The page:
What were you doing in the interim between the Lou Reed and Alice Cooper gigs?

I went back home to Illinois. Then, Bob Ezrin called me and said Alice’s Welcome To My Nightmare thing was happening.

What did you contribute, guitar-wise, to Welcome To My Nightmare?

Let me think. Let’s see, I played slide guitar on “Cold Ethyl,” and I played 12-string guitar on “Only Women Bleed.” I played the guitars solos on “Steven” and also, I played a guitar synth on “The Awakening.”

Do you remember some of the equipment you used on Cooper efforts like Goes To Hell and Lace and Whiskey?

The basic tracks for those two albums were essentially recorded at the same time. I was using a B.C. Rich Eagle and a Marshall head. We were using 16-track tape machine with two-inch tape. We had Pultec EQs and tube compressors and limiters. The console were transistors which operate like a vacuum tube, so you can warm ’em up like tubes.

What guitars did you use in Cooper’s band?

I used B.C. Rich guitars a lot. I still think Rich’s are the best American guitars made in that era. They built Dick and I Seagulls for the Nightmare tour. For Alice’s Goes To Hell tour, I had a B.C. Rich Eagle. The Alice tour I did with (longtime Elton John guitarist) Davey Johnstone, I used the B.C. Rich doubleneck guitar.

Any world tours with Reed or Cooper that really stand out?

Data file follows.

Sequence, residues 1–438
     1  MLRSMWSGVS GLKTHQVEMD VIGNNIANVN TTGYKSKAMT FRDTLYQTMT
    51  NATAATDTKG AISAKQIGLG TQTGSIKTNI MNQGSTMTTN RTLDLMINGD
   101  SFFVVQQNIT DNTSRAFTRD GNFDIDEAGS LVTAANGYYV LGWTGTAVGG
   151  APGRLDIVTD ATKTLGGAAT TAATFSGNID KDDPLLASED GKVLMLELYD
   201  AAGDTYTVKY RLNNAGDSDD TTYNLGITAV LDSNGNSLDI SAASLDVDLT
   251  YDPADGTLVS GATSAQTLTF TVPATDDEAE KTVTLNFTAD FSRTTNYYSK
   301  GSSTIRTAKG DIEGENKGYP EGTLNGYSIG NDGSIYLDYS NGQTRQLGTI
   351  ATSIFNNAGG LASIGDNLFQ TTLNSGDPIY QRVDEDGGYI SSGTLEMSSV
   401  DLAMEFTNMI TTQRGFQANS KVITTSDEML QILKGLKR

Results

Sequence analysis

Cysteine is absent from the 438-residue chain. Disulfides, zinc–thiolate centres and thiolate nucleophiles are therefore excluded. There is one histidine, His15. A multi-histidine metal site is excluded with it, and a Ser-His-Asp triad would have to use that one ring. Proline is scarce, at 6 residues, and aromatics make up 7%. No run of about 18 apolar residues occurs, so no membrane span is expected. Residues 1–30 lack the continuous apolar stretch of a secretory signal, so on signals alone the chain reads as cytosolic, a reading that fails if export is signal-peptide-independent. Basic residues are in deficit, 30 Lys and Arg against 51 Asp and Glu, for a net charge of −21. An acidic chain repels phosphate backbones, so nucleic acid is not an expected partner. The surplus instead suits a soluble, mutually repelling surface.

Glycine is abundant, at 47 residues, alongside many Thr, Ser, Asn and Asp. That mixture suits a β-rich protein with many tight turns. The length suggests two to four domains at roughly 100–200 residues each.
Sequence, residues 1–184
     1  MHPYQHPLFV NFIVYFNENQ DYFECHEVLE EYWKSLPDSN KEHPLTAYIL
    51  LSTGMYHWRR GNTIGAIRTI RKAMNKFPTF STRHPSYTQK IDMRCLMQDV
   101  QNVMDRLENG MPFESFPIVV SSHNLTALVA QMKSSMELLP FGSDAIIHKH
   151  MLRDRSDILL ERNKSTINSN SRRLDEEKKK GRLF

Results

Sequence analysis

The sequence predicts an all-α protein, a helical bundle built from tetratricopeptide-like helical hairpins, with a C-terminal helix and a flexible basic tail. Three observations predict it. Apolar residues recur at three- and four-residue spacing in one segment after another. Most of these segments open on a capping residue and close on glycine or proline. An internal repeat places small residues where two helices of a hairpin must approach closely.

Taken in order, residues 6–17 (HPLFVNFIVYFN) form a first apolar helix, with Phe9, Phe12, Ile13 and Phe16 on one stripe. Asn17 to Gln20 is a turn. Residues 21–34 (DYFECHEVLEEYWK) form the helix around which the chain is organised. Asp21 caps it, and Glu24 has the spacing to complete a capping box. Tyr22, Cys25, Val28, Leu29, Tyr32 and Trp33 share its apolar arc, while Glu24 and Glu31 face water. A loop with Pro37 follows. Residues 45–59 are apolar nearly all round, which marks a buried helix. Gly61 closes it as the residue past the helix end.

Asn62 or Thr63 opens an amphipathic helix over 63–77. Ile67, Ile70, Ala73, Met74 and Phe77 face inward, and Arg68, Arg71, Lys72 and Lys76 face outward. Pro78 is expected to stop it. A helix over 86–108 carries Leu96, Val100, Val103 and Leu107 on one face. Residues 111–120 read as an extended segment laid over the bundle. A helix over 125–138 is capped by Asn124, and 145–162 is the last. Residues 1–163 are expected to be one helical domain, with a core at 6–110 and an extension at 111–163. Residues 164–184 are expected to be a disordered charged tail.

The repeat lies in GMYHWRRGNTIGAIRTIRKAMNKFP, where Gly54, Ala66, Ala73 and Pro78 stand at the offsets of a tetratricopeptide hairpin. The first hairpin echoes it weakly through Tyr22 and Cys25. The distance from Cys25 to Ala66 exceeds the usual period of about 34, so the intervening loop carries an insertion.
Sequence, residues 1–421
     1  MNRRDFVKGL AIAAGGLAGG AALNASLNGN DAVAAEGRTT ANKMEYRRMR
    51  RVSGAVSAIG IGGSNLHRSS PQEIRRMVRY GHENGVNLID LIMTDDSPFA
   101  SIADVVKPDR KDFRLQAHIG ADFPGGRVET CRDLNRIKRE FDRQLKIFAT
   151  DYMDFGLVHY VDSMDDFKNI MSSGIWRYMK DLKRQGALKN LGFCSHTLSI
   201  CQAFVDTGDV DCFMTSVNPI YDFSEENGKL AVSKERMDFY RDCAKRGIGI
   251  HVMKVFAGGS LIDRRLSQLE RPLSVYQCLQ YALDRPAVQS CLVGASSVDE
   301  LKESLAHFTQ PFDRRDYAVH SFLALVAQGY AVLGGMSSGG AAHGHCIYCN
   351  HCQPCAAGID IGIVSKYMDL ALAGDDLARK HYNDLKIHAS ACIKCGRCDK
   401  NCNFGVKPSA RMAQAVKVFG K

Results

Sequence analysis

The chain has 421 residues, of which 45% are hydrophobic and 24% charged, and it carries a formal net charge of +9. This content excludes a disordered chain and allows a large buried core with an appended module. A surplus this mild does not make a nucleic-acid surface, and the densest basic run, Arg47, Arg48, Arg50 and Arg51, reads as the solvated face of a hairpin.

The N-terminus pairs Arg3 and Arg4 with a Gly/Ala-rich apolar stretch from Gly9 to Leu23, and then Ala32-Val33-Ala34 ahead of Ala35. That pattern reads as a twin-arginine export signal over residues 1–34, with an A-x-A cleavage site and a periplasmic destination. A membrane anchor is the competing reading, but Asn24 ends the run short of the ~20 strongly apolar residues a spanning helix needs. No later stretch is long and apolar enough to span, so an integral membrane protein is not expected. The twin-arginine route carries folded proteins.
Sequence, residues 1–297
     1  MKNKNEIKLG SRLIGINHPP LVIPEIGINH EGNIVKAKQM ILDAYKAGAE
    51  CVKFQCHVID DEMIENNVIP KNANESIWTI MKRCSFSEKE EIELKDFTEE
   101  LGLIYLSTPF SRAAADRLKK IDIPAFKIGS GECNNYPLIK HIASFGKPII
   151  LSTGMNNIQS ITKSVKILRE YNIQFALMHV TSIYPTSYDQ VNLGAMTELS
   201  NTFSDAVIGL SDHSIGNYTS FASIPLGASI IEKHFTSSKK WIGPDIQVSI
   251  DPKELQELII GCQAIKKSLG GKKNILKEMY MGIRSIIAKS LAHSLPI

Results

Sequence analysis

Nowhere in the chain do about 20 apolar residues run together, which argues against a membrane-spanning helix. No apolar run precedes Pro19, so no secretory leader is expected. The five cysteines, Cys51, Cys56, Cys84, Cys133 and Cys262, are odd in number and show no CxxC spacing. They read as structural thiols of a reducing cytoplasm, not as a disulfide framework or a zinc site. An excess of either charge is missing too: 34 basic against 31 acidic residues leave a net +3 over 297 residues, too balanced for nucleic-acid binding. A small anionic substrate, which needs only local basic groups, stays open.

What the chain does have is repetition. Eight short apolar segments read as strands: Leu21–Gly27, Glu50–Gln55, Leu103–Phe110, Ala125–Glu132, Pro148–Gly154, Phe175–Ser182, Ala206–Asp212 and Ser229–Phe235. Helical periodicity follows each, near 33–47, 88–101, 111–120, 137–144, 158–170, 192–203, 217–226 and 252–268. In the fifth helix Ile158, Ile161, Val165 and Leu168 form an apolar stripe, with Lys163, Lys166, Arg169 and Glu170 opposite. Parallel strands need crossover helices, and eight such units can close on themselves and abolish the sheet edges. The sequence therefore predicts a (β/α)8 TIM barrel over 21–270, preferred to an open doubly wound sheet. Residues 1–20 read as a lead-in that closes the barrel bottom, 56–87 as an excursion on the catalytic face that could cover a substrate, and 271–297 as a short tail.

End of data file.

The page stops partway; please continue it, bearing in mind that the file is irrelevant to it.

The tours I did with Dick are all my favorites. The Lou Reed Rock and Roll Animal tour was one of my favorites because it was the first time I’d ever toured Europe. We had so much fun. We didn’t get paid hardly anything, but playing in front of sold out audiences was wonderful.

Like Wagner, you ghosted on Cooper albums before you were a member of the band, correct?

Yeah, I ghosted on Alice Cooper’s Billion Dollar Babies. I didn’t really know Alice all that well. I remember being in the studio and Bob asked me to play on “I Love The Dead.” He said, “I want you to play blues over this song called “I Love The Dead.’” It was really hard to get into it during the first pass, because I’m listening to the lyrics “I love the dead before they’re cold...” and I’m wondering how I’m supposed to play blues over that without cracking up too much!

After that, it got to be a lot of fun. I think I played on five songs, including “Generation Landslide.” Like a lot of session work, it was one of those 1 a.m. things where the tape was just rolling, so I hardly remember some of the things I did on that album.

That must have been a great time for you. You were around all of this fame and money.